The Stormlight Archive Is Damn Near Perfect
I’ve been re-reading the Wheel of Time series, which has led me to thinking about Brandon Sanderson’s own original works, and comparisons are unavoidable. After Robert Jordan died, Brandon Sanderson completed the 149-book epic based on Jordan’s notes. This work put Sanderson on the map, which enabled him to publish massive books such as Stormlight Archive, Sanderson’s current work-in-progress. He has planned several 5-book arcs; the first four books of the first arc have already been published. Unlike George RR Martin, Sanderson can actually keep a schedule, so I suspect Book Five will be out on time. Although, Stormlight hasn’t completed a full arc yet, I feel confident in saying it’s a worthy successor to Wheel of Time.
Guests in Tolkien’s House
Fantasy has been subdivided into dozens of categories: high fantasy, low fantasy, epic fantasy, etc. Whatever. There are only two kinds of fantasy: fantasy that imitates Tolkien and fantasy that answers Tolkien. There’s considerable overlap between these two.
Tolkien’s epic is British mythology, a series of epic stories and myths designed to make the English look cool. Because he’s a master of the craft, Tolkien actually succeeds in making the UK seem pretty epic. Wheel of Time is basically answering Tolkien but with heavy doses of imitation. The series is American mythology updated for the 80s and 90s. Instead of wizened Gandalf, the Merlin figure is an agelessly beautiful Moraine. The heroes aren’t the humble smallfolk that Tolkien loved; instead, they’re powerful warriors who sling magic, run with wolves, and command armies. You know, American tough guy shit.
So, where does Stormlight Archive fit? Sanderson’s epic is very firmly in the answering Tolkien category. He seems to take measured and deliberate steps to reject Tolkien instead of just merely updating him. But, you can’t reject something without acknowledging it. Sanderson is still a tenant in Tolkien Mansion.
Magic As Math
Sanderson has many strengths as a writer, but I believe his strongest ability and the one that will launch him towards the Rushmore of Fantasy Authors is his ability to craft magical systems. It’s also one of the most glaring rejections of Tolkien. Think back to Lord of the Rings: how does magic work? Gandalf just kind of does it, right? And Tom Bombadil maybe can do it too? And the elves are so hot that they have superpowers. It’s all very vague and soft. Sanderson doesn’t get down like that.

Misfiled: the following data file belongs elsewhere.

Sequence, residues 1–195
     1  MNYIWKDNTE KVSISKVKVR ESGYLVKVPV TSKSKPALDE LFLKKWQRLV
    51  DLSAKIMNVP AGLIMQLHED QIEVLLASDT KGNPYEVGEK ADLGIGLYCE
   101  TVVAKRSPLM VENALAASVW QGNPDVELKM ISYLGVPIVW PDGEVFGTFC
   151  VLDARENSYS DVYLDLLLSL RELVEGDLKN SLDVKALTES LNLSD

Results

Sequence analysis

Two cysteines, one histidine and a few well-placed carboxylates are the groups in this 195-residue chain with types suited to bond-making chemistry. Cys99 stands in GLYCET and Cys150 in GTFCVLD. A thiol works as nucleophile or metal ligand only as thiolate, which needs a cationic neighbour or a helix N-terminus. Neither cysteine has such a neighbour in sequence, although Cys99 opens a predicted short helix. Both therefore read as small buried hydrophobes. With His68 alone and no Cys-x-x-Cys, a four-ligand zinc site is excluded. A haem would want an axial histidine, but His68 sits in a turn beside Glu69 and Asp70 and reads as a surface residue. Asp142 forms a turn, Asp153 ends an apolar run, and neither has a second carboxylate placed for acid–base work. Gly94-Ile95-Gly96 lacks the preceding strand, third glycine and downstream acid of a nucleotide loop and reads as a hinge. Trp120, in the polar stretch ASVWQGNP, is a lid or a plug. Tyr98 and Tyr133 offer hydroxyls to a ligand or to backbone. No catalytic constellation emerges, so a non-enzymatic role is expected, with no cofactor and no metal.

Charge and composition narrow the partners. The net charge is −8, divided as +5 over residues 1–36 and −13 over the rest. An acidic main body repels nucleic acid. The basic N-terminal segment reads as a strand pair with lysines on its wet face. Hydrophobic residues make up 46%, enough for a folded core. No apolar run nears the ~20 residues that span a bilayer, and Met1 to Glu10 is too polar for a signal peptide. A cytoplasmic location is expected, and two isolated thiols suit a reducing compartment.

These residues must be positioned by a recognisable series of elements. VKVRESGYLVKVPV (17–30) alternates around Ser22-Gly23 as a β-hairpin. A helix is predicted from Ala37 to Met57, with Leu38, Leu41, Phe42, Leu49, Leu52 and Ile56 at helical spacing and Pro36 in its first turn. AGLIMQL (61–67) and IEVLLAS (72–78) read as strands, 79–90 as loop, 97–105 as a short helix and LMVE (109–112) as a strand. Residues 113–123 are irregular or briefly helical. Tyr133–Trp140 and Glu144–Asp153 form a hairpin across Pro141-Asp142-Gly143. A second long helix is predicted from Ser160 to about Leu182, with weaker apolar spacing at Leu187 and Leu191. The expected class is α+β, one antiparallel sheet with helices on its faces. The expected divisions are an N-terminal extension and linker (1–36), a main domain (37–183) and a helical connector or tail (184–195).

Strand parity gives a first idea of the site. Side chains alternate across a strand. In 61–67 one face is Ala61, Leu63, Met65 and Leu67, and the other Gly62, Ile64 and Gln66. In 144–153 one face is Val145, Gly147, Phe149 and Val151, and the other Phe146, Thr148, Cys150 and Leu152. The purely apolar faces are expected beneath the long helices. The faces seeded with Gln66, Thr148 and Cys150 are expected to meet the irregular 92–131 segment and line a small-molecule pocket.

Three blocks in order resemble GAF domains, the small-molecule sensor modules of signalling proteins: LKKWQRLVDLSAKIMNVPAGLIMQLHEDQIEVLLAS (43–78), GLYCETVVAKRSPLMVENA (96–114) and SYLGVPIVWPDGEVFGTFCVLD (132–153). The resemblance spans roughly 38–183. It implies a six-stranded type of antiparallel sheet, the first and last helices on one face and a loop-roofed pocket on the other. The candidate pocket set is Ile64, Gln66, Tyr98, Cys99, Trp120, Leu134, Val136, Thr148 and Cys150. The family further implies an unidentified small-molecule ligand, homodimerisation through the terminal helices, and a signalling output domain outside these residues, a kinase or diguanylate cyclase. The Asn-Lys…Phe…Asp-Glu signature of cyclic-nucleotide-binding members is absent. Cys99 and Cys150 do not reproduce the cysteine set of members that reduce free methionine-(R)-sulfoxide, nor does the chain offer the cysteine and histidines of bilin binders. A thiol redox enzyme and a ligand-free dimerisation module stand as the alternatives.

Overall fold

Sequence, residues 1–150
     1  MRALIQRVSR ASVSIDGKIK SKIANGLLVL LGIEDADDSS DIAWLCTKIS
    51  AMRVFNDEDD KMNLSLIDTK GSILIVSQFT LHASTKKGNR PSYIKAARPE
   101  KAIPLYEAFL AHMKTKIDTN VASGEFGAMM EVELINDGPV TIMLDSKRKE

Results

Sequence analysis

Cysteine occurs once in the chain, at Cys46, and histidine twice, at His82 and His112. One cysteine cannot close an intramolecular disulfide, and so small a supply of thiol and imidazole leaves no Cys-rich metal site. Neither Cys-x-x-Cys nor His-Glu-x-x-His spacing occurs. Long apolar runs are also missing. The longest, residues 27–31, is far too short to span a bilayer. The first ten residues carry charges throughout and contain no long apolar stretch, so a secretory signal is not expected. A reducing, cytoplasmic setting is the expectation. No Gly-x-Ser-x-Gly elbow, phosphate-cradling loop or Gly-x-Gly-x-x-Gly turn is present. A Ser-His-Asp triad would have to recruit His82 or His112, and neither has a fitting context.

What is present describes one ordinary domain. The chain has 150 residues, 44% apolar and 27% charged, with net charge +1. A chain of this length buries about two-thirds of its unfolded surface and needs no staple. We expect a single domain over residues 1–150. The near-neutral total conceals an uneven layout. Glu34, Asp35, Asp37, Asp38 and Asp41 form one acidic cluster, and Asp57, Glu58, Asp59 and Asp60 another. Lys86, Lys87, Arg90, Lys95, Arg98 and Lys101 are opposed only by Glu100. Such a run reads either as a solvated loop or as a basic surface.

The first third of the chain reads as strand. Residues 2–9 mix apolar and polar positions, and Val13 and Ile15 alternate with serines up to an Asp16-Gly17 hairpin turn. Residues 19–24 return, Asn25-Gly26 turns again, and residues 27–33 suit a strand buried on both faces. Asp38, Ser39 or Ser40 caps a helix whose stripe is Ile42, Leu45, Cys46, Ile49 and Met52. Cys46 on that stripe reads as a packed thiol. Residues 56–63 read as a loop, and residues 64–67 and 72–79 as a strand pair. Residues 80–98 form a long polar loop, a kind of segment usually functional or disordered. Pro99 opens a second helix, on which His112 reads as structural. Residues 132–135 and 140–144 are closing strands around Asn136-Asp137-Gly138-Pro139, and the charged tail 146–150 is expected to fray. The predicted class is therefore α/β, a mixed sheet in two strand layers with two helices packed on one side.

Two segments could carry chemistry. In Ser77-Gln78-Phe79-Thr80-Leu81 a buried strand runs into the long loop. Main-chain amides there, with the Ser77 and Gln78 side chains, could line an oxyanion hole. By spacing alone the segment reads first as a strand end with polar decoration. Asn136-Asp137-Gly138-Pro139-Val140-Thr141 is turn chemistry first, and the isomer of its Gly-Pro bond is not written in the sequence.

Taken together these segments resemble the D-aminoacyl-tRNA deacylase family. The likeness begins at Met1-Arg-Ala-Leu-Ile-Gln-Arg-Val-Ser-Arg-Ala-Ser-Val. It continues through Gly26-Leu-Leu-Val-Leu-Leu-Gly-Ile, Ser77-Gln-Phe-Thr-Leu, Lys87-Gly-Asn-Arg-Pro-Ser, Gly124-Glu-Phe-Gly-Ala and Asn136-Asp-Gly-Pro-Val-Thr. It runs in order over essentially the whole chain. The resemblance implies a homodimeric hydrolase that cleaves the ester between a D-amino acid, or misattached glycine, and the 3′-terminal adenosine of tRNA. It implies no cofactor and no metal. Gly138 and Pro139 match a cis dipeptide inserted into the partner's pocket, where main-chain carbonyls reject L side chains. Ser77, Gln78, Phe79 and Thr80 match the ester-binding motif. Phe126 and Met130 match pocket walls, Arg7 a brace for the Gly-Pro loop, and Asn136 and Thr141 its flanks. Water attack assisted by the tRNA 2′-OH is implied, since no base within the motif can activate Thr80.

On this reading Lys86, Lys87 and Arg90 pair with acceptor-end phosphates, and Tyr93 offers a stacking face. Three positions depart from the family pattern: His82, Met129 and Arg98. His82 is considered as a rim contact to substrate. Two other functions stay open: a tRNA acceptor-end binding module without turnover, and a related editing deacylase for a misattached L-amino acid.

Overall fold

The magical system in Stormlight Archive is incredibly thorough and detailed. A careful reader with a tab open to stormlightarchive.fandom.com can understand basically everything the characters understand and sometimes more. That means that when you’re reading, you can accurately guess what characters are capable of doing in different situations. There’s no deus ex machinas to save the day. Sanderson doesn’t break his magical rules; they’re physical rules like gravity and magnetism. There’s real tension there.
Stormlight Archive features heroes who are flawed in unique ways. These aren’t Punisher type flaws, either. Frank Castle’s biggest flaw is that he just does way too much murder, and it’s just too cool. That’s not a real flaw.
The characters in Stormlight suffer from mental illnesses, though they’re not really diagnosed as such (technology and medical knowledge are vaguely medieval). These mental illnesses allow them to access different parts of their brains that facilitate their magical abilities; however, they’re still illnesses. A character suffering from depression does not suddenly become un-depressed when the danger rises. He attempts to drag himself through the motions of hero shit, but he’s debilitatingly depressed.
It’s unnervingly real. It’s also very un-Tolkien. Can you imagine Aragorn lying in bed for an entire chapter because he just can’t bring himself to stare epically into the middle distance like he normally does?
Book Five will conclude the first Stormlight Archive story. It’ll probably be out some time in 2024, so you have plenty of time to catch up on the first four books. Then, they’ll likely make a TV series. It will look great, it will be mediocre at best, and I’ll love it. Then, it will truly be the heir to Wheel of Time.